Nevada casino profits plunge in ’09
Associated Press writer
CARSON CITY, Nev. (AP) – Nevada’s major casinos posted a net loss of $6.8 billion in fiscal year 2009, a 1,040 percent plunge from the $721 million earned in the prior year, according to a report released Friday.
The annual “Gaming Abstract” issued by the state Gaming Control Board tracks casinos statewide that gross $1 million or more in gambling revenue.
It’s only the second time the state’s biggest casinos had a loss. It’s also the largest in history, providing more sobering evidence of how Nevada’s tourist-driven economy has been walloped by the global recession. The last loss was in 2002, right after the Sept. 11 terrorist attacks, when casinos lost $33.5 million, said Control Board analyst Frank Streshley.
“This is a reflection of the recession,” he said. “Even those visitors who did come to the state spent substantially less than they did two years ago.” In 2007, casino’s had a record net income of $2.3 billion.
The 260 casinos included in the latest report for the fiscal year ended June 30 had total revenue of $22 billion. Of that, $10.5 billion came from gambling revenue, which declined 12.7 percent.
Room revenue fell 16.6 percent to $4.3 billion; food, down 9.3 percent to $3.2 billion; and beverage, down 0.3 percent to $1.3 billion, according to the report.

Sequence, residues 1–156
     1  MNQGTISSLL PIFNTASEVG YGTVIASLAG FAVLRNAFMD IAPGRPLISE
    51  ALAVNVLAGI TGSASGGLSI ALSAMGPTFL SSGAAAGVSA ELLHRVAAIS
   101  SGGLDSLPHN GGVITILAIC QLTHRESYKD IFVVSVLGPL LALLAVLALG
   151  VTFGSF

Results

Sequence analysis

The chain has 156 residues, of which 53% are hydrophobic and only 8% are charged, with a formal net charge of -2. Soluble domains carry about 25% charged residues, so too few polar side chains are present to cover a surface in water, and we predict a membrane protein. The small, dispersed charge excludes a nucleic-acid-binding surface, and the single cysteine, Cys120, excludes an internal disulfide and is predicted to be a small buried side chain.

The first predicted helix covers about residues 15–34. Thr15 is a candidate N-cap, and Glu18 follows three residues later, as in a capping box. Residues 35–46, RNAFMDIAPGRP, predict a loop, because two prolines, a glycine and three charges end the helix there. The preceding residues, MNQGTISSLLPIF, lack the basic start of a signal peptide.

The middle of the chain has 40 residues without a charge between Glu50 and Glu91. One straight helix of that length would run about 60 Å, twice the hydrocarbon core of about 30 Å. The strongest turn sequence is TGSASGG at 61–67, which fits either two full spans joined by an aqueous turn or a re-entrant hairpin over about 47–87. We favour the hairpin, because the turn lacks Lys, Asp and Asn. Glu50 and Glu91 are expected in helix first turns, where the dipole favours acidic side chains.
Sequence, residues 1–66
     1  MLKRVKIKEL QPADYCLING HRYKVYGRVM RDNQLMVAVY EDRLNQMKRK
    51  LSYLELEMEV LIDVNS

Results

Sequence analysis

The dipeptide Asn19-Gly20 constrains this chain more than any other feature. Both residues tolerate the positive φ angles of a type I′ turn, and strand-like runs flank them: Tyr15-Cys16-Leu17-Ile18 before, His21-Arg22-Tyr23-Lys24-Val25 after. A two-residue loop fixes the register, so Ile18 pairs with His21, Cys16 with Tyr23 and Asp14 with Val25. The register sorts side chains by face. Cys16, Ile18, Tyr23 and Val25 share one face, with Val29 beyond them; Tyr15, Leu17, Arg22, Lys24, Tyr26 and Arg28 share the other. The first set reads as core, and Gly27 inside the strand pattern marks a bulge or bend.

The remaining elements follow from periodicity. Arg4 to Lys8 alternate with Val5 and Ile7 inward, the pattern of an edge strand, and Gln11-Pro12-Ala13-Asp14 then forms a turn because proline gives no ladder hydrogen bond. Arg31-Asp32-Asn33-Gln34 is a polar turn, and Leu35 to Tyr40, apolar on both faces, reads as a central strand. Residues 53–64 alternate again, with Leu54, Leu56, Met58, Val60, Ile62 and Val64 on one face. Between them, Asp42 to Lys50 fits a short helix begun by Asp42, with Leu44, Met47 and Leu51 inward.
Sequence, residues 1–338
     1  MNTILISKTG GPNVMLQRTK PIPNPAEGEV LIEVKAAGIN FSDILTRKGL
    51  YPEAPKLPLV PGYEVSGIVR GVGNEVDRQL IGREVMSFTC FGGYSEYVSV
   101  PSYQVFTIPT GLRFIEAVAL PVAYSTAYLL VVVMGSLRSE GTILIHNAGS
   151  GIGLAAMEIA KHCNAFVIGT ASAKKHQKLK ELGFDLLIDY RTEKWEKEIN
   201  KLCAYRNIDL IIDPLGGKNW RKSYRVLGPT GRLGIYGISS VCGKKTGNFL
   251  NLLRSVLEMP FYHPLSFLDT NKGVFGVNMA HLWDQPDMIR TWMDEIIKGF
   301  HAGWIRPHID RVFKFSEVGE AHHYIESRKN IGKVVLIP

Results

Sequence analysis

Higher costs also ate into profits. General and administrative expenses increased $5.4 billion, or nearly 54 percent, over 2008. Included in that was bad debt expenses, which jumped 126 percent to $4.1 million; and $621 million in interest expenses, a 29 percent increase.
The report also said the major casinos in 2009 employed 177,397, roughly 25,000 fewer people than the year before.
A breakdown showed Clark County, with 149 casinos large casinos, had a combined net loss of $6.5 billion.
Thirty-two casinos in northern Nevada’s Washoe County had a combined net loss of $47.4 million.
Statewide, the casinos paid $778.7 million in state gambling taxes and fees, representing 7.4 percent of their gambling revenue.
The unaudited report tracks gains – or in this case losses – after various expenses and state taxes – but not federal taxes or extraordinary expenses – are deducted from gross revenues.
Elko County’s 18 casinos in northeast Nevada, a rich mining region that has withstood the recession, were the only ones to report a net income, a combined total of $36.2 million, the report said.
Five casinos along the South Shore of Lake Tahoe had a net loss of $260 million.